Another stress factor is emotional stress. This could be caused by any intense emotional experience from work-related expectations to a great loss. These issues need to be dealt with on different levels. Obviously, a release of some type is needed for the immediate issue. And, the root, often from childhood, must be dealt with.

On a physical level, emotional components can become lodged in the body. They usually cause some sort of problem like a tight muscle pulling a rib out of alignment resulting in chronic back pain. These issues can be cleared using a very gentle Applied Kinesiology technique.

Steps to Good Back Health

Realignment is next. After the underlying issues have been cleared, it is time for realignment. Realignment is facilitated by physical manipulations that put bones in proper alignment so that the joint is fully functional.

There are different ways to realign a back and other areas of the body. One is to go to a chiropractor or an osteopath, a medical doctor who specializes in joint manipulation. They often use forceful techniques that can cause other problems and sometimes even more pain. Not to mention the scary noises as joints are forced back into alignment. There are some though who learn and develop more gentle techniques.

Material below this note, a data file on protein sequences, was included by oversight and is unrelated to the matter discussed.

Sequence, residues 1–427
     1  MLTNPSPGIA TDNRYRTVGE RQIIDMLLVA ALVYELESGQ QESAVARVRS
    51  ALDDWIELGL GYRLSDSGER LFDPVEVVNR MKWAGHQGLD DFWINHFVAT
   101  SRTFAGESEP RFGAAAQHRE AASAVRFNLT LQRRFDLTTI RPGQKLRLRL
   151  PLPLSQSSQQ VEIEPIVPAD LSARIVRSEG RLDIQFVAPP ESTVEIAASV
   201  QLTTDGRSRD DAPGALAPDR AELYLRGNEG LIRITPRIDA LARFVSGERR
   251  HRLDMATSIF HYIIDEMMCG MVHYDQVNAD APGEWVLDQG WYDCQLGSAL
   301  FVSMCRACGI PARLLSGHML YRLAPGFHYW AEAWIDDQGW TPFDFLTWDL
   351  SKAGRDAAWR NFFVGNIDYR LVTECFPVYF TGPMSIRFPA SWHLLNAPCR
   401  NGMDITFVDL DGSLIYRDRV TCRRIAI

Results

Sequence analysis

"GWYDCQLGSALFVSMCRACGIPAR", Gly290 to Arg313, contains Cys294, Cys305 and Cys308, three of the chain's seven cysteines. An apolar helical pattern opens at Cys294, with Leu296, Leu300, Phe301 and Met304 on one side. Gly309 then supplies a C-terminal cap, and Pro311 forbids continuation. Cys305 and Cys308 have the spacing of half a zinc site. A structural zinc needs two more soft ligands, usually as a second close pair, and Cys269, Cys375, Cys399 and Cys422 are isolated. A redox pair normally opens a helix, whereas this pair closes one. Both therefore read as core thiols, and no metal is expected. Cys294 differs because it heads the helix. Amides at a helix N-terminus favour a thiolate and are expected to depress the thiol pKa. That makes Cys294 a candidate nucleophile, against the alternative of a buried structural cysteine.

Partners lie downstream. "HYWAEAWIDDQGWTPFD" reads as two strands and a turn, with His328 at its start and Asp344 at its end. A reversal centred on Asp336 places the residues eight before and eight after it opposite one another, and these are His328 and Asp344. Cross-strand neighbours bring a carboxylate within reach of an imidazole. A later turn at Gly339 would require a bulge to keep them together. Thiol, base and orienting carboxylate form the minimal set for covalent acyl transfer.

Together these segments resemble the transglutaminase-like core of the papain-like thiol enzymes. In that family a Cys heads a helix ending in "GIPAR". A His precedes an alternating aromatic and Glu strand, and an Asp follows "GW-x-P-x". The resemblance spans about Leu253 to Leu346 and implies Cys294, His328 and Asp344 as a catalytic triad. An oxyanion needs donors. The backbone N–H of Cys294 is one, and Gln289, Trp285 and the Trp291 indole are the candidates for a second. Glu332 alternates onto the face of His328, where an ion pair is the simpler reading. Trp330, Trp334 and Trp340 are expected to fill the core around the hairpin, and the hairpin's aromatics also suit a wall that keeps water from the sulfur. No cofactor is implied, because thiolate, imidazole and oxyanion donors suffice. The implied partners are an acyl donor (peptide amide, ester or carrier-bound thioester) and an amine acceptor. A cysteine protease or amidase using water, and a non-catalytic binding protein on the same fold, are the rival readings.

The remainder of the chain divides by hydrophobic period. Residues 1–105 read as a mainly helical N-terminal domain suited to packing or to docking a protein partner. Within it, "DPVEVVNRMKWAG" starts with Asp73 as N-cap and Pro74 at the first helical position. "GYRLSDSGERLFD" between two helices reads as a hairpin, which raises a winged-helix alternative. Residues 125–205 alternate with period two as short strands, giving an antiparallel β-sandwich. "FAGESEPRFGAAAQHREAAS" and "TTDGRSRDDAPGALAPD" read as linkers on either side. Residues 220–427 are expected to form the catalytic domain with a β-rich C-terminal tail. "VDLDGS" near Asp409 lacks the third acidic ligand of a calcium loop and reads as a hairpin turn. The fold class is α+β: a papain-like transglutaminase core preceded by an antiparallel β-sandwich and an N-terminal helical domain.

Alternatively, you can learn how to adjust yourself with self-adjusting technique. This is a simple method of doing gentle adjustments on yourself without the forcing that is common to so many chiropractic adjustments.old dentist image

Stretching can relieve back pain, as well as help prevent problems. Taking a yoga class is a good way to learn stretches that will help your back. It is best to tell the instructor before the class if you have any limitations. Often they can give you an alternative pose or a variation. With time you can develop a daily practice which many people use to eliminate back problems.

Exercise is essential to good back health. Walking is one of the best exercises in the world. As well as working most every muscle in the body, walking strengthens the core muscles that support the low back.

These are just a few things that can be done for any kind of back pain. There are many other treatments available. Now more than ever, we can be proactive with our health and with our treatment possibilities. Find what works for you, and above all else, listen to your body.